First 9 months of 2017 saw surge in anti-Semitism in US

WASHINGTON — The first nine months of 2017 saw a 67-percent increase in anti-Semitic incidents over the same period in 2016, new data from the Anti-Defamation League has shown.

Those incidents include physical assaults, acts of vandalism, and bomb threats to Jewish institutions, according to the ADL’s Audit of Anti-Semitic incidents, which was released Thursday morning.

A tally found that from January 1 to September 30, there were 703 incidents of harassment, including 162 bomb threats; 584 incidents of vandalism, 52 of them against Jewish institutions; and 12 physical assaults.

Those figures include the more than 2,000 calls made by an 18-year-old US-Israeli teen from Ashkelon who was apprehended by Israeli authorities in April. He allegedly made many of the bomb threats to Jewish institutions throughout the United States and other countries.

Much of the nation was shocked this summer to see the level of anti-Semitic and racist and vitriol when a white supremacist rally turned violent in Charlottesville, Virginia.

Rally-goers, who billed themselves as part of the “alt-right” movement, marched through the streets of the bucolic town hoisting Nazi flags and confederate regalia. Some were wearing Ku Klux Klan garments. The day culminated in a Nazi sympathizer ramming his car into a crowd of counter-protestors, killing one and injuring many.

“We are astonished and horrified by the rise in anti-Semitic harassment, incidents and violence targeting our communities,” Jonathan Greenblatt, who heads the ADL, said in a statement.

“While the tragedy in Charlottesville highlighted this trend, it was not an aberration. Every single day, white supremacists target members of the Jewish community—holding rallies in public, recruiting on college campuses, attacking journalists on social media, and even targeting young children,” he said.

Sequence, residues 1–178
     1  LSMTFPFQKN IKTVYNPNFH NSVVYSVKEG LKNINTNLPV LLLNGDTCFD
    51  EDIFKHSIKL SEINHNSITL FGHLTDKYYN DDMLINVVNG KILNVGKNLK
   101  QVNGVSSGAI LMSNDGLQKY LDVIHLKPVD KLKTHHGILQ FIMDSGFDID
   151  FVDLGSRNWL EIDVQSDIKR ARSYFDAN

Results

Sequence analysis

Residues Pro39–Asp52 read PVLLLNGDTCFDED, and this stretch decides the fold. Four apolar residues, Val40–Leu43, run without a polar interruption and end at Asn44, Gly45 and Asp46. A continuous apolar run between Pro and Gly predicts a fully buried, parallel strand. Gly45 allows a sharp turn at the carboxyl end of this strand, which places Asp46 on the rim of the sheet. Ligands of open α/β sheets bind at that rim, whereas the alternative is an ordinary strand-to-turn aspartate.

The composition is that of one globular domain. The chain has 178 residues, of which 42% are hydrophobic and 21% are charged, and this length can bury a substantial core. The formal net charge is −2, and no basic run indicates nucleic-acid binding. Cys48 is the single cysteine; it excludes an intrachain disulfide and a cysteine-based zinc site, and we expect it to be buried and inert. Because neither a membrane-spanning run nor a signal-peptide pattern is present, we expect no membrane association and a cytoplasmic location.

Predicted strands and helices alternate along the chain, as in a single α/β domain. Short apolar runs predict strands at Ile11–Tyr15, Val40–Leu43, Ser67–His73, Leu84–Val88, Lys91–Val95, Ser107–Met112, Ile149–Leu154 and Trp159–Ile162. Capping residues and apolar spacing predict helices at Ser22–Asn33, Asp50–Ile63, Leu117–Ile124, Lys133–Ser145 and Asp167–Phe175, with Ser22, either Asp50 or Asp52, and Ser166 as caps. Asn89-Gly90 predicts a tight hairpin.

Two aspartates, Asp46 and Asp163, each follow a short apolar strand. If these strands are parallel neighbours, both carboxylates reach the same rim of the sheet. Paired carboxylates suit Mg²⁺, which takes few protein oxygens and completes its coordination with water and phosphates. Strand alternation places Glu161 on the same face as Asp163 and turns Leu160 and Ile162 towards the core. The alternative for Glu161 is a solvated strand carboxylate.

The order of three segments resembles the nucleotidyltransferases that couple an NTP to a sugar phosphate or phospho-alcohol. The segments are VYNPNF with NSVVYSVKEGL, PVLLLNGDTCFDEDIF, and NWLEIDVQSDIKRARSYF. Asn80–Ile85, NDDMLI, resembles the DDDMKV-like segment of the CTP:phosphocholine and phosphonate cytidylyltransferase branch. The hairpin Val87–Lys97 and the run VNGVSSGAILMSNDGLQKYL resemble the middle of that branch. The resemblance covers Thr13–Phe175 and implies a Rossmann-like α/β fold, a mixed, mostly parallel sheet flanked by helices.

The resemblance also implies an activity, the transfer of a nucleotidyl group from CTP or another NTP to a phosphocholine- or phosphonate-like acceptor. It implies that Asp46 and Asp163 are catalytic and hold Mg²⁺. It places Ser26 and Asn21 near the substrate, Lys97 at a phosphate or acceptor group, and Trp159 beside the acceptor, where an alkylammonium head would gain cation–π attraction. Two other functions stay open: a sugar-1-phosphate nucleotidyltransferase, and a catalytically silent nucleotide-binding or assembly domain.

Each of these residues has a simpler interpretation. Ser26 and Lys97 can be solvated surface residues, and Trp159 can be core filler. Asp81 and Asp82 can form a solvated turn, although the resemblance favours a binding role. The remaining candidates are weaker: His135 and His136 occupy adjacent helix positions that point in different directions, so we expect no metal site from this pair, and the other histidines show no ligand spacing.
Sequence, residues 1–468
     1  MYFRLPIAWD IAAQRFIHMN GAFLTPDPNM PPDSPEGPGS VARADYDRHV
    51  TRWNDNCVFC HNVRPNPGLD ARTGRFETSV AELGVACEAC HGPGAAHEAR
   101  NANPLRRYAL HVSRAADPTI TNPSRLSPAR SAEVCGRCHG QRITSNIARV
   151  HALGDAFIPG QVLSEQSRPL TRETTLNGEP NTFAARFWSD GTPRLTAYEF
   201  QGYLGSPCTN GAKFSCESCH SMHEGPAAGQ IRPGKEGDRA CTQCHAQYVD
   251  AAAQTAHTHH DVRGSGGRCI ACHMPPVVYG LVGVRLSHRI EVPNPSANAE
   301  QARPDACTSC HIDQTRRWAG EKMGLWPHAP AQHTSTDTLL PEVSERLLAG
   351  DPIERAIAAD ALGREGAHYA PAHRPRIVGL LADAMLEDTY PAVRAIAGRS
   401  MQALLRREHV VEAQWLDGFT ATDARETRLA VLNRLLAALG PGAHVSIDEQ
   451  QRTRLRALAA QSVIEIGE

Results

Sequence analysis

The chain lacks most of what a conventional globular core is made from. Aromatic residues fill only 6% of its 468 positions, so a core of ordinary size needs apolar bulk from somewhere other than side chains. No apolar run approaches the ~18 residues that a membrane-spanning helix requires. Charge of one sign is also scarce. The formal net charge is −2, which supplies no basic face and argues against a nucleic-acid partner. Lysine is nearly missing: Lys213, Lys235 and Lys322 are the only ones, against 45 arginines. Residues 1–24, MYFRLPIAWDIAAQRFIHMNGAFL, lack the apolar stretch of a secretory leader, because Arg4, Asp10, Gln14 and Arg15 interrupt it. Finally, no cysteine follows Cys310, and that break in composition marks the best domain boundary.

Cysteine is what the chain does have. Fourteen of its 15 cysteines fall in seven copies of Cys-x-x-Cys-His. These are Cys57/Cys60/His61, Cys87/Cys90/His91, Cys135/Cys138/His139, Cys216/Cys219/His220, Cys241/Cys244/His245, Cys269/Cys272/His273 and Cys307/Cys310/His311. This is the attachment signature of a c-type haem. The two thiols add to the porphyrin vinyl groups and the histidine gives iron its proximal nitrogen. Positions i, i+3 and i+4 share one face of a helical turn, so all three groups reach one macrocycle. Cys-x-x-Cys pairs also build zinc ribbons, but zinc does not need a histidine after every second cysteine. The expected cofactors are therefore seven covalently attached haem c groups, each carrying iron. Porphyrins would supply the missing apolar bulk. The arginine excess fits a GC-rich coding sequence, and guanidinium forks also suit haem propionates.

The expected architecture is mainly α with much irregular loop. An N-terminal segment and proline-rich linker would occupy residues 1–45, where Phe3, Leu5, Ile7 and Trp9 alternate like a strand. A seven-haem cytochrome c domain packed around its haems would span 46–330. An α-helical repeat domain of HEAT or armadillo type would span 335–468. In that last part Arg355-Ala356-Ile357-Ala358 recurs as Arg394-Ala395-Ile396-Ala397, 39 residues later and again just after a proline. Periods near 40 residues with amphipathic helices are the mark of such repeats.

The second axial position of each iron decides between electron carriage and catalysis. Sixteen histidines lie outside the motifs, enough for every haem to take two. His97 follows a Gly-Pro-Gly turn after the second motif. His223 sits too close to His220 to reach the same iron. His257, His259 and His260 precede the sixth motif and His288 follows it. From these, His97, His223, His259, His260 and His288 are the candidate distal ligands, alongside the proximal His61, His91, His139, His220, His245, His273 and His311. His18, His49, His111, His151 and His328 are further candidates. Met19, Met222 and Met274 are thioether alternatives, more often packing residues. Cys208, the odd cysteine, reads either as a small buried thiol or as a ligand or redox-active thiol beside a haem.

The ADL also found anti-Semitic incidents in American schools are surging, with incidents in K-12 grade schools more than doubling compared to the same period in 2016 — vaulting from 130 last year to 269 this year.

“We are deeply troubled by the rising number of anti-Semitic incidents, bullying, and hate in our nation’s schools and we don’t think the statistics paint a full picture of what is happening,” Greenblatt said. “Many school-based incidents still go unreported. As a country, we have to do more to ensure that our schools remain places where students can learn safely without fearing bullying and hate.”

While US President Donald Trump was not named in the report, the ADL and others have accused him of failing to convincingly and consistently denounce white supremacists, who often bill themselves as his supporters.

After the Charlottesville violence, Trump blamed “both sides” for what unfolded and said there were “many fine people” marching with the neo-Nazis. At the time, Jewish congressman Jamie Raskin told The Times of Israel that kind of response would “invite repeated actions.”


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